National Work Zone Awareness Week is dedicated to the safety of our workers, roadways, and drivers. As part of our commitment to safety, I Build America – Ohio is giving safety managers the spotlight to share why safety is so important to our crews and our communities — and how the public can do its part. Check out the profile below for a first-hand look at why safety is important today and every day!
Name: Michael Bocanegra
Company: Walls Brothers Asphalt
Title/Position: Construction Foreman
Years Working in Construction: 31 Total and 27 at Walls
How did you begin your career in construction?
I was 19 and needed a job and just happened to stop by a construction company to see if they needed any help and they hired me! It was my first job out of high school. I was checking construction companies because I knew that I wanted to work outside. I also thought to myself, “there are always going to be people building stuff,” so I figured it would be a job that could turn into a career for me. Funny story, I actually applied to a company in Darke County that is now one of our competitor’s and they passed on me!
How do you contribute to the overarching safety of your company’s workforce?
Ultimately, I am responsible for everyone’s safety at my company. Any time we are working, my first priority t is for my team members to stay safe. At the same time, I also have to keep in mind the safety of the public.
What does your company do to ensure safety on the job?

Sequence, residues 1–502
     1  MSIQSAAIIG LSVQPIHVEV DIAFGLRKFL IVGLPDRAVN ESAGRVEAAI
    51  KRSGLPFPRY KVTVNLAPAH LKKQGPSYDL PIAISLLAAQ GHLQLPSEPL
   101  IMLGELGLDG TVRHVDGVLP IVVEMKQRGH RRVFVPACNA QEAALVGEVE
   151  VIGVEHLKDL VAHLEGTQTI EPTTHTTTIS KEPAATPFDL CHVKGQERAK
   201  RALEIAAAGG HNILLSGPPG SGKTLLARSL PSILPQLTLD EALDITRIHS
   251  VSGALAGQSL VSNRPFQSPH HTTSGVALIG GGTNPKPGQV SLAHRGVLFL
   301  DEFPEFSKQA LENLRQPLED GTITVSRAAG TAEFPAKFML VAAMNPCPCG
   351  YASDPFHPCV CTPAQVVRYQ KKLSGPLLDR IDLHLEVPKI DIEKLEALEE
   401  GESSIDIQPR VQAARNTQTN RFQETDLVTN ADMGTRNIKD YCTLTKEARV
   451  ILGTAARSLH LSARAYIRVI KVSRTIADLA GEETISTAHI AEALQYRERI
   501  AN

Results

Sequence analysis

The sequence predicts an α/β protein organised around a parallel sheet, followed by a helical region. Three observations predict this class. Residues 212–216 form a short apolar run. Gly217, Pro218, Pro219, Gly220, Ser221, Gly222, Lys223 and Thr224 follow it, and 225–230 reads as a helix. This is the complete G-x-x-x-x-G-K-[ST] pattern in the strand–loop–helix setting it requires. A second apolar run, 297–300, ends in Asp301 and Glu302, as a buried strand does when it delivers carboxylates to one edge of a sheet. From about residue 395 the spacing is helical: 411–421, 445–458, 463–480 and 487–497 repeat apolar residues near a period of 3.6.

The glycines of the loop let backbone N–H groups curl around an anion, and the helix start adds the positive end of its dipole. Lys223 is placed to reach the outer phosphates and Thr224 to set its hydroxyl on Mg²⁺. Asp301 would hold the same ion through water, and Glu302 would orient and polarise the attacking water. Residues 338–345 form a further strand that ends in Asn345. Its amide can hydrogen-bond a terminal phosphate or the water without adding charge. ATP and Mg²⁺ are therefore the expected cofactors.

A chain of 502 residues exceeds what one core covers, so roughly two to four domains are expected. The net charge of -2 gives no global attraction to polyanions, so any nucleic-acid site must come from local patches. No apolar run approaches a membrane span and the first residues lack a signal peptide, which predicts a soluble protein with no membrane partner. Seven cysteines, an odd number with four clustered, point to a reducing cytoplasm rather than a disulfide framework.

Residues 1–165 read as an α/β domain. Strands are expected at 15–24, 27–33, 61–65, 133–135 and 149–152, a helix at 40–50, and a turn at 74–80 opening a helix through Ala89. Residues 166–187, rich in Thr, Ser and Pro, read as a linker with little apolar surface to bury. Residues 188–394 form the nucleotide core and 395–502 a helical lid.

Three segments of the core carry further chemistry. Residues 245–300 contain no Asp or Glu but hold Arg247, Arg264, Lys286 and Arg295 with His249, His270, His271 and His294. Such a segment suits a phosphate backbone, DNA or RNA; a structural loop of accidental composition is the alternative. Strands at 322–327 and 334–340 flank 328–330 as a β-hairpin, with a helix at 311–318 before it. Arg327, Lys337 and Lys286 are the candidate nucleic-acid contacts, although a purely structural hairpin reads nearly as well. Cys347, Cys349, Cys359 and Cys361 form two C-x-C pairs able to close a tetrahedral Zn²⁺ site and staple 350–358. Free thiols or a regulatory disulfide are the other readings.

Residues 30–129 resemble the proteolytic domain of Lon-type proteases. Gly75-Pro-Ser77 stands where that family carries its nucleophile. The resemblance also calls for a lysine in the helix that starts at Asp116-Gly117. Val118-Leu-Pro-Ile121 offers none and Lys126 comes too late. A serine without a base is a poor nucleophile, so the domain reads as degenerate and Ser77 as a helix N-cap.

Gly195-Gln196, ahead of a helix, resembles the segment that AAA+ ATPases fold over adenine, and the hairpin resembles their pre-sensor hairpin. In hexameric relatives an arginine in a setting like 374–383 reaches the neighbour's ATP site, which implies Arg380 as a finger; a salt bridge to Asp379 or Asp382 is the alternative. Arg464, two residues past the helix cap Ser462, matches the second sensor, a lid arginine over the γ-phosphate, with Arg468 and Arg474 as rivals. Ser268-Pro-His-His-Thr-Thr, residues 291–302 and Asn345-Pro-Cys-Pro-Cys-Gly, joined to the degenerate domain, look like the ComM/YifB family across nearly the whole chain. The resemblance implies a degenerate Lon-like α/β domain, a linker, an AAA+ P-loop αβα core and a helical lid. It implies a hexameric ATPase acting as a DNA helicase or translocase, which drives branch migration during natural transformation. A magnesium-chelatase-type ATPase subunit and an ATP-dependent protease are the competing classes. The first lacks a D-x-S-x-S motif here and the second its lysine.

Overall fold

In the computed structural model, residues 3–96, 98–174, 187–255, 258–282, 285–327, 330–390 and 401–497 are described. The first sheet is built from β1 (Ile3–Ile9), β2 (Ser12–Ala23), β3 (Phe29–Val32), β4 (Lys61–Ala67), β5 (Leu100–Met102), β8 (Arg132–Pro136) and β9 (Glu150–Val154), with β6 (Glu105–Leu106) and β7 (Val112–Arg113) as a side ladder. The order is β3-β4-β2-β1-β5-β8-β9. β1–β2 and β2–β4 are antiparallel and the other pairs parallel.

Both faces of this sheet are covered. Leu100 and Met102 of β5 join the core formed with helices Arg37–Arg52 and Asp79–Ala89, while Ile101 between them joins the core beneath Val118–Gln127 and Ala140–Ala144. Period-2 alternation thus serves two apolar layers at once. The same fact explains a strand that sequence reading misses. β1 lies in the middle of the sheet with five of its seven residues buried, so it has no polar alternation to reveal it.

The leaders at Walls are always open-minded about ideas for safety especially those ideas coming from frontline workers like flaggers, etc. Recently, my team bought bright hardhat lights to try. If it’s something they like and I get positive feedback, we will continue to use them. Whatever it is that we may need, they offer the resources for us to get it. We never get complacent and always try to get better.
What is one thing you wish the general public knew about safety in construction?
I wish everyone could walk a day in our shoes on the back of a paver or walking beside a paver. When a car goes by you at 60 mph, it is a scary feeling. I have actually been hit by a mirror on a vehicle and I don’t think the driver even knew it happened. Work zones are even more dangerous now that the use of cell phones is so prevalent. Drivers are paying less attention than ever before.
How can the public help keep construction workers and work zones safe?
Attentiveness should be made priority #1 as soon as a driver enters a work zone.